What’s “best” is what works best for you.
Back in the old days, when we all had two or more keyboards that each made their own sounds, I think most of us got used to changing patches on each keyboard individually for whatever sounds we wanted at the time. The only way to really replicate that (that I can think of) is jamming everything into one rackspace. I tried that initially, and it can work, but ultimately I moved to a different approach.
Right now I’m using rackspaces designed around the “main” sound (e.g., piano, Rhodes, B3, synth) and variations for the “auxiliary” sounds I might use with that. For example, I have three different VSTs I might use for the bass. I can switch among them with widgets that put the VSTs on bypass and/or midi in blocks and filters.
What’s optimal really depends on your individual situation. For me, where I have a sample-based VST that takes a long time to load and sucks up a lot of memory I try to minimize how many instances of that I have. That initially led me to that “everything in one rackspace” approach, because I was using Omnisphere for my Rhodes and the Yamaha piano (and some of the bass sounds). Putting those in five or six rackspaces made loading times too long for my tastes.
Then I switched to using Pianoteq for all my piano and Rhodes sounds (and Rhodes piano bass), and Modo Bass for my electric bass sounds. Thus modeled instruments vs. sampled instruments. So now I can load 20 instances of Pianoteq in less time and less memory than one instance of an Omnisphere piano.
I still use Kontakt for guitars (Orange Tree) and stick those in one rackspace with variations to switch between Fender, Strat, clean, dirty, and effects options. They take way too long to load for me to set up different rackspaces for all the permutations I might use.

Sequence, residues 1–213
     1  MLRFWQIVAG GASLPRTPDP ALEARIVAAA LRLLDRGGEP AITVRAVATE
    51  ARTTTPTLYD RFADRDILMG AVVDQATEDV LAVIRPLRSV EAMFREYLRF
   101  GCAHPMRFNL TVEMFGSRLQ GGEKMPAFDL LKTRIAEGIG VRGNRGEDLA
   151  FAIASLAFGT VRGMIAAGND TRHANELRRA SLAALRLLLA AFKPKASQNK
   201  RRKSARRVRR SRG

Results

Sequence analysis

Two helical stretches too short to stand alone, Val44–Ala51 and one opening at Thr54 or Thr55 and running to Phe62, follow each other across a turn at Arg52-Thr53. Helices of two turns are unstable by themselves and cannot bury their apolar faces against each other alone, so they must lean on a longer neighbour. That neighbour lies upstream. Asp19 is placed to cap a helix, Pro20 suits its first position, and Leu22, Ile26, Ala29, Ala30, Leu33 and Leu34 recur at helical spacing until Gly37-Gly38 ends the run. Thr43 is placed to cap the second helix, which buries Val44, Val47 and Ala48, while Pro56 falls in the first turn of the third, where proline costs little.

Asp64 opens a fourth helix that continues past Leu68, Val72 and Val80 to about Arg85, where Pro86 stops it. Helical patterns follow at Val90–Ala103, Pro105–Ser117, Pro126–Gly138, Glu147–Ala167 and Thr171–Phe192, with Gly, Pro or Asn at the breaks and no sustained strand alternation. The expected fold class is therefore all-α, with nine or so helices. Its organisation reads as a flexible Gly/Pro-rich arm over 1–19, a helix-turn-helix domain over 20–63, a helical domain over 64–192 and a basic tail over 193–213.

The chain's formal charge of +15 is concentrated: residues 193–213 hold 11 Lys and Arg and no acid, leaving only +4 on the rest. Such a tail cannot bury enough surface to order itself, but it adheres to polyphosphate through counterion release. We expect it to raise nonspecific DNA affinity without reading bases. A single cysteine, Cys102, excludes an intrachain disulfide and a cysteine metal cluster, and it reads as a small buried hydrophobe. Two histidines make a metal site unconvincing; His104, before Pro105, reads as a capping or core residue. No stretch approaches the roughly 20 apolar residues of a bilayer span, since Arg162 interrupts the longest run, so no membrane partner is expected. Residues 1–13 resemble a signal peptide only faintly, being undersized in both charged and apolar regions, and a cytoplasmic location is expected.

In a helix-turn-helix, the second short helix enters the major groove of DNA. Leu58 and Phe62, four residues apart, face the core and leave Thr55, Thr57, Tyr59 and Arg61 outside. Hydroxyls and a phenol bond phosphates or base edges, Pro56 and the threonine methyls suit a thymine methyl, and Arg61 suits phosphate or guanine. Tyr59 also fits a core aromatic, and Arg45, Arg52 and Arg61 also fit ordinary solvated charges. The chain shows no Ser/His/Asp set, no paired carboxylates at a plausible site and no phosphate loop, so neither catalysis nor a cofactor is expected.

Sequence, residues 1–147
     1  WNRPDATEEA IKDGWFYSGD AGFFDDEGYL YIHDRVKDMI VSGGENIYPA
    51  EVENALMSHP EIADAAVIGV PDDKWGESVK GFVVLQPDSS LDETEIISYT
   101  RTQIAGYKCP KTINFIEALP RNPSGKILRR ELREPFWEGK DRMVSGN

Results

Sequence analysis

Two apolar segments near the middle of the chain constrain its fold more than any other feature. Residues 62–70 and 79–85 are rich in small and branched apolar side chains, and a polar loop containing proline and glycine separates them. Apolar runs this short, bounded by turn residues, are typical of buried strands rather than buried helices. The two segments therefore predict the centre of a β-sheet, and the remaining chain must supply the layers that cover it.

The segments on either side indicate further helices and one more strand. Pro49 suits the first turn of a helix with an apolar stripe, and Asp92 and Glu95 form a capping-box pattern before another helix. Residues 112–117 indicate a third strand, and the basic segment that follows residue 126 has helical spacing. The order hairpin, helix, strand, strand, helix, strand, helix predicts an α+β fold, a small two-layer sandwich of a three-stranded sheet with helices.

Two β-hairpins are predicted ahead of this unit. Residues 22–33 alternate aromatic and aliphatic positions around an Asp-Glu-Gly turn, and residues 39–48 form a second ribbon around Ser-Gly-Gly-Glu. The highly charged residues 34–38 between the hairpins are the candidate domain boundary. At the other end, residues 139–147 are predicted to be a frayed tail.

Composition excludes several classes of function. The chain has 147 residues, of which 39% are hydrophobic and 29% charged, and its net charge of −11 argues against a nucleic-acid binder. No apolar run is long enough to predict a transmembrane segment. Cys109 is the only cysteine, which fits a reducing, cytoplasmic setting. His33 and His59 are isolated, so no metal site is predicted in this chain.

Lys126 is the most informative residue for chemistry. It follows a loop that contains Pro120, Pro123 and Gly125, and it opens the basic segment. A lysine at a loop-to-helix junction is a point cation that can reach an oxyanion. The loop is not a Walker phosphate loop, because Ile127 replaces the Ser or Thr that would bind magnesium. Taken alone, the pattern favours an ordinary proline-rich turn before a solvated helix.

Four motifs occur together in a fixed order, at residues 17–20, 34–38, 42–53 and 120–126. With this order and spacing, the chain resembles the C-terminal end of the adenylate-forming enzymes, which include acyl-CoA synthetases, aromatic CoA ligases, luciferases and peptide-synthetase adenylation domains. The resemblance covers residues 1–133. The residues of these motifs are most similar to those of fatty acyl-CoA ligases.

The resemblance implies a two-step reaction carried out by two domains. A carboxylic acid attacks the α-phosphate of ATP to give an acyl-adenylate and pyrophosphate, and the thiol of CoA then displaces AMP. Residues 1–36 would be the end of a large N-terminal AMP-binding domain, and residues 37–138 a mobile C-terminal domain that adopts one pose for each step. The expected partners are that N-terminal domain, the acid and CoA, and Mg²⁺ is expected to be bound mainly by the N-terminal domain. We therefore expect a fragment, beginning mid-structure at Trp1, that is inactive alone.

Off the top of my head I’d say I use about 8 different rackspaces just for piano (all with Pianoteq). Most of them with only have one or two variations. I found it more practical to have separate rackspaces for Steinway D “pop”, Steinway D blues, Steinway D classical, Yamaha CF, Yamaha CFX, etc.than to have 50 widgets to control every parameter that changes between variations.
It’s different for my other keyboard sounds. I have all my Rhodes variations in one rackspace, all my B3 variations in one, all my Vox Continental in one. In each of those I have about 3 other VSTs that I can switch between using widgets/variations for the different bass or auxiliary sounds (that in the old days I’d access by changing patches on the other keyboards). That works well for me, but if I were setting it up again I might just skip the variations and have different rackspaces for something like John Lord Hammond, Green Onions Hammond, and maybe some more generic clean or dirty Hammonds.
In the end, “everything in one rack” didn’t work for me, but “separate rack for every combination of VSTs” didn’t work either. The nice thing is GP gives you a lot of flexibility to play around and figure out what works best for you.